My girlfriend Paula Christison had been over, and we’d been studying, then watching something on the little black and white TV we had. My Carleton roommate, Lee G. Hill, was there too. Lee and I had been great friends in Calgary. In junior high, we’d started a couple fanzines with Beatles-centric themes. In our shared room on Second Russell, we had a couple John Lennon posters up amongst the punk rock stuff.
Paula left for her place downtown, so Lee and I were studying when the phone rang. It was Paula. “John Lennon’s been shot, babe,” she said. “It’s on the radio.”
His assassination, on December 8, 1980, was of course a terrible tragedy – and so, to me, was the fact that his last album (before the inevitable avalanche of ham-fisted compilations and retrospectives) was a piece of self-indulgent, saccharine shite like Double Fantasy.
Generally, he always needed Paul as an editor, and vice-versa. But his best album – and one of the best albums of all time, in my view – was Plastic Ono Band. It was like him: it was stark, and raw, and different, and deeply, deeply personal. Some say the LP was the product of his dalliance with primal scream therapy, or his response to the (necessary, and overdue) collapse of the Beatles. To me, it was instead an actual piece of art and great rock’n’roll, improbably found under the same piece of shrink wrap. Like listening to someone’s soul, without having received an invite to do so. You should listen to it today.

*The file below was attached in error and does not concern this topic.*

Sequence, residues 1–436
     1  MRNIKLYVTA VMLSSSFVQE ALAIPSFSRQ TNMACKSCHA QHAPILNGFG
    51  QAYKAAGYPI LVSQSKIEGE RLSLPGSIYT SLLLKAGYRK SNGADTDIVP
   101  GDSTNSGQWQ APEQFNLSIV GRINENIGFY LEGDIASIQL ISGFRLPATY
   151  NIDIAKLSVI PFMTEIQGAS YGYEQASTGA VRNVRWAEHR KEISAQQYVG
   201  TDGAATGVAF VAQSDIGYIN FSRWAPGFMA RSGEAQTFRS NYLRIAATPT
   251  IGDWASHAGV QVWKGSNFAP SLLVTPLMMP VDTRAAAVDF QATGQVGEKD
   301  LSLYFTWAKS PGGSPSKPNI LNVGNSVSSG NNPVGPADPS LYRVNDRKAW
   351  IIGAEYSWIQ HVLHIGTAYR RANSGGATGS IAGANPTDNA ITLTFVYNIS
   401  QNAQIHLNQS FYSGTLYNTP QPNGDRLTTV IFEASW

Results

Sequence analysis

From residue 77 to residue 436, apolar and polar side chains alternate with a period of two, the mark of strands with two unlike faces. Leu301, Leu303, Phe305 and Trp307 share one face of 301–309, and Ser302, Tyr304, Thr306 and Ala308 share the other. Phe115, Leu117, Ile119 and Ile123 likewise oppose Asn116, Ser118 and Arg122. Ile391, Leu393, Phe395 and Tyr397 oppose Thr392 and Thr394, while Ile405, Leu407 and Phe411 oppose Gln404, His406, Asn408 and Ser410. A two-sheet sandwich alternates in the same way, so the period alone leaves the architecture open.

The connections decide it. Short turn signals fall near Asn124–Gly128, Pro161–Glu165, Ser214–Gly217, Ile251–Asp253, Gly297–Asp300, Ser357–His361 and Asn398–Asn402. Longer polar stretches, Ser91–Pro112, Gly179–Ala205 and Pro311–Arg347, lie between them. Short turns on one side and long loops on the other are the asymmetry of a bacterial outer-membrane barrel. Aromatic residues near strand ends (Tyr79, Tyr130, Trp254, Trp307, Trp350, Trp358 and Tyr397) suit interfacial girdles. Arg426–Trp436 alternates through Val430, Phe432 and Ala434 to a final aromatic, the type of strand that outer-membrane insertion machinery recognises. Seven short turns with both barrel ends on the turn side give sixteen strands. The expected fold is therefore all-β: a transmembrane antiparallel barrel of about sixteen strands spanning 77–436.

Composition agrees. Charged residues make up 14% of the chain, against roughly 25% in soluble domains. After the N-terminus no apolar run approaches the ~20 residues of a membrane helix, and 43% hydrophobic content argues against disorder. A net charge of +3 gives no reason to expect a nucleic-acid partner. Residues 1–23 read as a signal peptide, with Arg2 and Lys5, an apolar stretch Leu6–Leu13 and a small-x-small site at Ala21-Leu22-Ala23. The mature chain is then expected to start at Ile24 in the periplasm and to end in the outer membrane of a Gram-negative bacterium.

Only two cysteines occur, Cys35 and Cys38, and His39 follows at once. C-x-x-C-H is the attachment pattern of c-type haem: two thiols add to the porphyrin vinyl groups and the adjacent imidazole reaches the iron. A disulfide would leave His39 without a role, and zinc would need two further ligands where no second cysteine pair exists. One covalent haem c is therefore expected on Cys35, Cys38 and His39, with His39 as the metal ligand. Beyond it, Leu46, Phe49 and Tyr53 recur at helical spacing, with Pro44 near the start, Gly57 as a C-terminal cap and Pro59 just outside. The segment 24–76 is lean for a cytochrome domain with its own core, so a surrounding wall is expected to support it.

The next morning, exams weren’t cancelled, though it felt to me like they should have been. When I walked into Carleton’s gym, there was a guy sitting there, already wearing a John Lennon T-shirt. I wanted to punch him. Instead, I just took my seat and wrote the stupid exam.
Thirty eight years. I can’t believe he’s been gone that long; I can’t believe I’m way older than he ever got a chance to be. It sucks.
Here’s my favourite picture of him, the one I used to use on posters I’d make up for Hot Nasties shows. I liked it because he looked like a punk. That’s Stu in the background, I think. Also long gone.
We miss you, John. Hardly knew you.